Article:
Rash guards and hats and a load of sunscreen are necessary for kids’ survival. You however, will burn…because that’s what is just going to happen. If anyone happens to get burnt, Sun Bum will save you.
By the second day, you will look for flights home. You will be persuaded to change your mind.
So instead, you book a catamaran trip mid-week. No one in your family will have a history of motion sickness, so obviously one of your kids will get motion sickness. (FYI, chewable Gravol is on back-order, so when you see it you should stock up). During this time, my husband was in Paris, staying at a luxury hotel, in a king size bed, I presume. Did I tell you how happy I was for him?
Going somewhere with limited access to a mobile network and WiFi means you will have your phone off for three days, only to realize that you missed one very important phone call from work, sending you into a frenzy to try to connect with your life at home. You will connect and speak to your new boss at precisely the same time your toddler takes another crap in the pool. This entire phone call will cost you $300, even with a data plan.
You also take advantage of this limited access to call your husband and inform him that upon his return from his vacay, he must book you a blow out, pedicure and manicure for your return, and also bring an americano to the airport when he picks you up. Your tone is stern but desperate.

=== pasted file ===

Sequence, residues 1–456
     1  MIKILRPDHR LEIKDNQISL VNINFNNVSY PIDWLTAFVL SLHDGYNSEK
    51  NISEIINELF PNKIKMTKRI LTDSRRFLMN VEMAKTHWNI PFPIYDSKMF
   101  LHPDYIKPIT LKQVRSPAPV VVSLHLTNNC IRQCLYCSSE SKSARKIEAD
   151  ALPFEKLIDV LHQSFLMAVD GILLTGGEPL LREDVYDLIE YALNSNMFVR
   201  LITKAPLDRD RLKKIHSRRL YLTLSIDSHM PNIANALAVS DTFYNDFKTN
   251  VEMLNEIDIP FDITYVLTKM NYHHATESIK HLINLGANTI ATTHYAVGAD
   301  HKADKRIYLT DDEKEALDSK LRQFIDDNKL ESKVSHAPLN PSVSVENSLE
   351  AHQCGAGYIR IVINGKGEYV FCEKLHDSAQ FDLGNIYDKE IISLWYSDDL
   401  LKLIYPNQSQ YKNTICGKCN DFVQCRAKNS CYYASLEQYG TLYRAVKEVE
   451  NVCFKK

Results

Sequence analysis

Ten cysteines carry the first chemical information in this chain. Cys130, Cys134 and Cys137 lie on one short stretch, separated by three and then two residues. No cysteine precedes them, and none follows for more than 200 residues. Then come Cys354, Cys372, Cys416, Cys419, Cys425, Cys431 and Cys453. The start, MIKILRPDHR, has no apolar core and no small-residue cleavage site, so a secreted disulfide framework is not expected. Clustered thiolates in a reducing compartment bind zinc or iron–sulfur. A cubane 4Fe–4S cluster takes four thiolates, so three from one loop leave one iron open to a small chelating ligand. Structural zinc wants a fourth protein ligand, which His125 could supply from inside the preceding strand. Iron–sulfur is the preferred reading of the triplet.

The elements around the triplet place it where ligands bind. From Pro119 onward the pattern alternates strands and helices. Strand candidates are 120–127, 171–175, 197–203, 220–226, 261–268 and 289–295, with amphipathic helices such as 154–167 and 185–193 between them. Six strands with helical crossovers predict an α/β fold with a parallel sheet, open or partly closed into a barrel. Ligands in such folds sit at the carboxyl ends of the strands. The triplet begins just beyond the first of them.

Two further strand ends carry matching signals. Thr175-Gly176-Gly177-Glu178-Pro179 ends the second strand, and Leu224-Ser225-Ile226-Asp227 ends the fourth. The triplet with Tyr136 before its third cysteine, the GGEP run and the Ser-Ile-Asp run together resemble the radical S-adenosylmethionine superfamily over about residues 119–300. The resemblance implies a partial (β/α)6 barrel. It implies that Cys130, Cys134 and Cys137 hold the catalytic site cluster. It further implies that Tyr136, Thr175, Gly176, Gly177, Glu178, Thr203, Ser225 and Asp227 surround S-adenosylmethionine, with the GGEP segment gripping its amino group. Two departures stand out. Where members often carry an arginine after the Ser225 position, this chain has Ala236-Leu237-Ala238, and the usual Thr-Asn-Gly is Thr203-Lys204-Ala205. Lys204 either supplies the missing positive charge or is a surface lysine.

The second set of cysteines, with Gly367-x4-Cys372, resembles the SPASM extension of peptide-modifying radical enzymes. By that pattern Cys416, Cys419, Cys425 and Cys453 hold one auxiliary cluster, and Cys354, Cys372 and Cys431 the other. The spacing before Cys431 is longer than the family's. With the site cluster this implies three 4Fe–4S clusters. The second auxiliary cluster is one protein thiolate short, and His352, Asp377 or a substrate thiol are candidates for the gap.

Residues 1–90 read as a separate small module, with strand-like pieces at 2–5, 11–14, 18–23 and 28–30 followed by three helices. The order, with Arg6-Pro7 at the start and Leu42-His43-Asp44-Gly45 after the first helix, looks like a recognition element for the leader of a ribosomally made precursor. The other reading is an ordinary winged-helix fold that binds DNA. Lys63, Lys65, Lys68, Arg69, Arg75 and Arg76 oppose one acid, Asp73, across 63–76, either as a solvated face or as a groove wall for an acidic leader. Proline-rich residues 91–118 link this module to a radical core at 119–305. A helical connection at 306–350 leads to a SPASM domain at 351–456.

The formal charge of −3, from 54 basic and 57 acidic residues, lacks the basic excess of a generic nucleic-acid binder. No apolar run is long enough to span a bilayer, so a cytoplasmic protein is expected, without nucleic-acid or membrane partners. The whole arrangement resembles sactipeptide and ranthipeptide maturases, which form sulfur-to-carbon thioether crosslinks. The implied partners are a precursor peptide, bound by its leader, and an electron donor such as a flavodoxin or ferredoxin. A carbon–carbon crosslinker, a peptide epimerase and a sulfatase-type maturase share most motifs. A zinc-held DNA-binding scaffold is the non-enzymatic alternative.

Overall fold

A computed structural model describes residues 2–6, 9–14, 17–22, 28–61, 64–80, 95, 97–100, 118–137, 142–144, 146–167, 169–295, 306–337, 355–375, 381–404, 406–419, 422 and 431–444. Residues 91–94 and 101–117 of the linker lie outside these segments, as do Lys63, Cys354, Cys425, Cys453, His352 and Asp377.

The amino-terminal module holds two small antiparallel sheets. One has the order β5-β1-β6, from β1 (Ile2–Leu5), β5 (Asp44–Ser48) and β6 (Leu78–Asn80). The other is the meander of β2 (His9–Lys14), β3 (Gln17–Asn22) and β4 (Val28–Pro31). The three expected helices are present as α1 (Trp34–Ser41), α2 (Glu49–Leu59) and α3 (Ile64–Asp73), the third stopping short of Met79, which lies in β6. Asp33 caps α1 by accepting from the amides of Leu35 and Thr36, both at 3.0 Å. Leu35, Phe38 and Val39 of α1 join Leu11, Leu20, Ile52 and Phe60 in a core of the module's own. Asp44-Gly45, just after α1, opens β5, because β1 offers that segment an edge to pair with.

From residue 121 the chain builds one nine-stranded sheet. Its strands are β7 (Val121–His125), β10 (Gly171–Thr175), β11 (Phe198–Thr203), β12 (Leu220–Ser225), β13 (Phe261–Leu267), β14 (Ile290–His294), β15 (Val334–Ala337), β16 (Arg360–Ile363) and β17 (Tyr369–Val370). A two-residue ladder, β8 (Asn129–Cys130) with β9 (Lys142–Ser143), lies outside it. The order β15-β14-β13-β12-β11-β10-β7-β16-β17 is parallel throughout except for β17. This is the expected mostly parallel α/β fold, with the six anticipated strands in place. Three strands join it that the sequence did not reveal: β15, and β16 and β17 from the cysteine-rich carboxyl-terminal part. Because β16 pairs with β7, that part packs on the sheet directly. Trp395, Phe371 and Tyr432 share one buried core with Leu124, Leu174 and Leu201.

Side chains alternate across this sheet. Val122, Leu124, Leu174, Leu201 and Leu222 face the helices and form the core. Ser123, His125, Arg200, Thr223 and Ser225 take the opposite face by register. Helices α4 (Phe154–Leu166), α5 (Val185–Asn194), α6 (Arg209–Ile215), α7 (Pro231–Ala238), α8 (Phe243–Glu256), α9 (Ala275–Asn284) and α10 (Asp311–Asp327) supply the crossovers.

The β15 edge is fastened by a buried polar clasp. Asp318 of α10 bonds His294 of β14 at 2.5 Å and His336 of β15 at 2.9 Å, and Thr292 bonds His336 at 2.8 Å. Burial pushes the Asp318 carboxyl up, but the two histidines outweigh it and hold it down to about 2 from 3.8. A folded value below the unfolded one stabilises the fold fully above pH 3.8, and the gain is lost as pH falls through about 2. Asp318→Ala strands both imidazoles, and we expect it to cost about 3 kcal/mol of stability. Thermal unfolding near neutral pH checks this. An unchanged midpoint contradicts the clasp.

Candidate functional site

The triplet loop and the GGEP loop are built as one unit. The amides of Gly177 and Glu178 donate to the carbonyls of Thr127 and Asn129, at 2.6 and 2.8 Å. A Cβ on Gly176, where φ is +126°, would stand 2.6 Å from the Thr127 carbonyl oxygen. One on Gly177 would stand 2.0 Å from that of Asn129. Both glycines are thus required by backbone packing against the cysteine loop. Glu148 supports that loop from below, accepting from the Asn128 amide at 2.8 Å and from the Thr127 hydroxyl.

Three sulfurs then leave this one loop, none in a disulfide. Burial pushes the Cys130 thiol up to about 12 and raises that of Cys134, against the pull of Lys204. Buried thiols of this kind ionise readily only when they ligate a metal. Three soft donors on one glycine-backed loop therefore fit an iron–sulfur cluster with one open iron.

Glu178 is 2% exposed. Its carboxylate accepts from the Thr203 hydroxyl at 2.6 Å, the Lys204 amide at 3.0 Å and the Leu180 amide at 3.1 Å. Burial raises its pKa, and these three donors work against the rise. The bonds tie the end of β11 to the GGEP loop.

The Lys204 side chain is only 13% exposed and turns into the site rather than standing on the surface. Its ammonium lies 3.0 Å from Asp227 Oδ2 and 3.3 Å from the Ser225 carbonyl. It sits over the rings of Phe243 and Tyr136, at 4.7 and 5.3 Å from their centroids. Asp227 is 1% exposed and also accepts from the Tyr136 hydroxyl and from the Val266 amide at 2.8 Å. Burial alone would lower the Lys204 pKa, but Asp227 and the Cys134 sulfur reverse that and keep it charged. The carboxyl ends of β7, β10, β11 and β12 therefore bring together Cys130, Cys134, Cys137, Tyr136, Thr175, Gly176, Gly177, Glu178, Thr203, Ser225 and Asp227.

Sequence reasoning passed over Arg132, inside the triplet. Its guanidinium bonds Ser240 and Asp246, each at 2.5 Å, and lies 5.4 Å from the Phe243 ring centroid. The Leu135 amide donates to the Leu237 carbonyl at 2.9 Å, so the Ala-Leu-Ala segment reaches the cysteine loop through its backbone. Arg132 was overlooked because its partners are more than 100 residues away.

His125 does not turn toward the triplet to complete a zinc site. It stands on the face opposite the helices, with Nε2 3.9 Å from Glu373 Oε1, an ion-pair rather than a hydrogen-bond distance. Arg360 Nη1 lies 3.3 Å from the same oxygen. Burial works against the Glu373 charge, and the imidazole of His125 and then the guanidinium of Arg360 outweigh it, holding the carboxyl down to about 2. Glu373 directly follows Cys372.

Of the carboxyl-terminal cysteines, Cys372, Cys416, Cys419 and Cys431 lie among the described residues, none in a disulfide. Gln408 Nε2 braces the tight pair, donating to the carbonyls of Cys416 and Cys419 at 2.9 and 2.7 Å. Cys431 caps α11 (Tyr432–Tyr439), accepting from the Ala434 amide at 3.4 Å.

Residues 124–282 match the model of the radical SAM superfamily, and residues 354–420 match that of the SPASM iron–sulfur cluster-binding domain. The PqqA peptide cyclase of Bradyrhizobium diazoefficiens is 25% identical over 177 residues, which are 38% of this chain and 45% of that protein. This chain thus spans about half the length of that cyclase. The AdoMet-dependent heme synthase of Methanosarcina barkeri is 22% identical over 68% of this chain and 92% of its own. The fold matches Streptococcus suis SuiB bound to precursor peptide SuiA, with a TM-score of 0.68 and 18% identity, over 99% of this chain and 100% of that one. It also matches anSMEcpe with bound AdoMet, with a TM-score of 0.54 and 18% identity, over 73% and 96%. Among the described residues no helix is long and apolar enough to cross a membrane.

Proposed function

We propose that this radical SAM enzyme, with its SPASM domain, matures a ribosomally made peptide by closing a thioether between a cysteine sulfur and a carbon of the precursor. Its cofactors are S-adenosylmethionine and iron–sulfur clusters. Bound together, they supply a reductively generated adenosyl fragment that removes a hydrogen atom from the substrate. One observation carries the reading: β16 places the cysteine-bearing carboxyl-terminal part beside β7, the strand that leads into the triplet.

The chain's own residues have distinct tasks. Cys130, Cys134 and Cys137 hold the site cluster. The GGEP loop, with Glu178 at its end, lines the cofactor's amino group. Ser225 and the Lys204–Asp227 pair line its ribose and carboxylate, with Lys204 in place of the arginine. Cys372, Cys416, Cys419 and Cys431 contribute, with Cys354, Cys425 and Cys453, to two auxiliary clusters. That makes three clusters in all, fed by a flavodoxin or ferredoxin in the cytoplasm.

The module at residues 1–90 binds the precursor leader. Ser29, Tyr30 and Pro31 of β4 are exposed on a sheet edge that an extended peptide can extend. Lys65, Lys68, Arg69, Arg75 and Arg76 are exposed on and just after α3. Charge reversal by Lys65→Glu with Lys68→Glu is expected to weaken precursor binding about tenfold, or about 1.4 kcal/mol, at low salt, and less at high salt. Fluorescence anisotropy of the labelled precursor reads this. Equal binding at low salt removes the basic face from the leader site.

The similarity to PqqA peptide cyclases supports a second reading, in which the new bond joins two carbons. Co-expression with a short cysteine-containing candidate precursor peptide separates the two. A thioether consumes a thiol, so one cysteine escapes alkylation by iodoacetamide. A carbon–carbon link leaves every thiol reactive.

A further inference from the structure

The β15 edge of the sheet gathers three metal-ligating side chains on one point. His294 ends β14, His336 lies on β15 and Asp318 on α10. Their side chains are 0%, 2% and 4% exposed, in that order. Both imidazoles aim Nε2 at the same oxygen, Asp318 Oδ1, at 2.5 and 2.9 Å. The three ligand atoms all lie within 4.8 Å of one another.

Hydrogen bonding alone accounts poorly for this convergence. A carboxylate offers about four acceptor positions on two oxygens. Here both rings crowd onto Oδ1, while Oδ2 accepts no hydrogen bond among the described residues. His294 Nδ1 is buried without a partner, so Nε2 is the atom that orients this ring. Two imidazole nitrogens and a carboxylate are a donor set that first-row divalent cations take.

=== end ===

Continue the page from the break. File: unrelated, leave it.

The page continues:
Going back to your vacay reality, your kids will have a million tantrums, one or more of which will result in no one going for dinner and you staying cooped up in your hotel room. Your other friends on the trip will smuggle bread from the buffet which will then become your dinner. You will imagine it’s Terroni, and sigh. My husband was eating baguettes with fromage and a beautiful glass of wine. See how it’s exactly the same? It’s like we were living the same life, really.
Your childless friends who came will thank you for the free birth control.
You will not be one of those people who exercise on their vacation. Oh no, not you. Instead you will invent your own crossfit, because you are creative. You will be dragging a stroller full of towels (12), beach toys, beach bags (3), flotation devices (2), and snacks across the sand, up hills, and over bridges. Other guests will say, “oh, you’re the one dragging the stroller. I feel bad for you.” You’ll say “thanks for watching the show” and suggest that next time, they could offer you a drink if they feel so bad. You will come back having gained 5 pounds, obviously.
You will be so pissed that you talked about booking a flight out somewhere else upon returning home, and NOT ACTUALLY booking a flight somewhere, alone, to a spa, so you can recover because you will be absolutely exhausted.
You will all return alive, surprisingly, and clumsily push strollers and luggage and children through customs, and upon exiting will see you partner. He looks so happy to see his children after a week of separation. You should be happy that the kids are reunited with their papa, but all you can think is….oh my God, he looks so relaxed, I’m so jealous. You know you shouldn’t be a jealous punk, but you are. Because: exhaustion.
And when anyone asks if you’d do it again, you say – without hesitation – absolutely.